Accelerated Orthokeratology

What Is AOK?

Accelerated Orthokeratology (AOK) is a non-surgical procedure which can reduce or eliminate myopia (nearsightedness) in both adults and children using specially designed ‘retainer’ contact lenses. The principle of AOK is similar to the use of a dental retainer used by an orthodontist to realign teeth. The retainer contact lenses are worn at night while sleeping.

They are removed upon awakening to provide clear vision without using eyeglasses or contact lenses. The retainers are comfortable to wear and very easy to care for.

By slight modifications in the shape of the cornea, clear functional vision is achieved throughout waking hours. This is achieved by gently flattening the the top layer of the cornea – the epithelium. The amount of flattening required is approximately 6 microns per 1 dioptre of myopia. Thus to eliminate myopia of 4 dioptres the corneal epithelium needs to be flattened by approx. 24 microns – only 0.024 millimeters.

Reverse Geometry Lenses

AOK uses specially designed ‘reverse geometry’ RGP contact lenses to gently reshape the cornea overnight while sleeping. Reverse geometry means that the contact lens fits closer to the eye centrally, and further away from the cornea peripherally. This creates a fluid pressure gradient that gently flattens the epithelium – and this is the change required to reduce myopia.

The picture to the right is of a well-fit AOK or Ortho-K lens using fluorescent dye in the tearfilm to demonstrate the reverse geometry pattern. After the retainer is removed, the cornea retains its new shape throughout the following day, thus providing clear vision. The retainers need to be worn nightly to maintain the effect. Once the correct corneal shape is well-established (after several years of wearing the retainers nightly), many AOK patients can reduce their wearing schedule to every other night or approximately 3 nights a week.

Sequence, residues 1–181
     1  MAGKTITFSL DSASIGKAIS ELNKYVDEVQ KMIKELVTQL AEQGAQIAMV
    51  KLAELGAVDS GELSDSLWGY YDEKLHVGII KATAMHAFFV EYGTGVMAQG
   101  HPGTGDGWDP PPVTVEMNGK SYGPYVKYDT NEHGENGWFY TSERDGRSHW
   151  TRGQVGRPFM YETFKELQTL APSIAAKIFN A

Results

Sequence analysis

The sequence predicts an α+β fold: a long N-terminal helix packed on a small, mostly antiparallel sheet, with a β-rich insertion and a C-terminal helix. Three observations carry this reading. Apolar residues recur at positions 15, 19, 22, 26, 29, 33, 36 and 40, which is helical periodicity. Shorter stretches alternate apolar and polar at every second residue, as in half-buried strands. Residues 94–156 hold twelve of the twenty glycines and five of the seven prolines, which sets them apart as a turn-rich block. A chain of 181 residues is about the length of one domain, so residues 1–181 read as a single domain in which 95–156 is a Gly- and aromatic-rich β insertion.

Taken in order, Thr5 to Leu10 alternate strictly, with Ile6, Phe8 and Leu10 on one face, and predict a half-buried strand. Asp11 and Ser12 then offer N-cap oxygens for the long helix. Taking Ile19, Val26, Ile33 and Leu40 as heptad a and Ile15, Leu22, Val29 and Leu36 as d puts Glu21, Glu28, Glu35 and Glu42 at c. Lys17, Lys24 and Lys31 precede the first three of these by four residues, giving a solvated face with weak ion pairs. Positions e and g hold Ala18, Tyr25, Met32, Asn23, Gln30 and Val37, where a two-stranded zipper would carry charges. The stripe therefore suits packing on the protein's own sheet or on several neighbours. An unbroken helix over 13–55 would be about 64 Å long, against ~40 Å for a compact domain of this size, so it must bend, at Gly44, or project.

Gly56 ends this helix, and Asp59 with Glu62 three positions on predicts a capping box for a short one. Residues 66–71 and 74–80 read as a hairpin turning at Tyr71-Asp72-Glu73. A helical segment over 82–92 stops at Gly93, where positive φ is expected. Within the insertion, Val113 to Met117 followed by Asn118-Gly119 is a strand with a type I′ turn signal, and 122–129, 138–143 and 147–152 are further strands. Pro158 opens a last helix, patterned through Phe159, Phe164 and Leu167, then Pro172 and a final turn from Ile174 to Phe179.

The History Of Orthokeratology (Ortho-K & AOK)

Ortho-K started more than 50 years ago when eye doctors noticed that some of their patients wearing RGP contact lenses had unexpected decreases in their myopia even when out of their lenses.

Initially, only old-fashioned, hard contact lens material (PMMA) was used, which was not suitable to overnight wear. A series of lenses were needed, each lens flattening the cornea a small amount until the desired results were attained. This took months to years to accomplish, and lenses often needed to be worn during the day as well.

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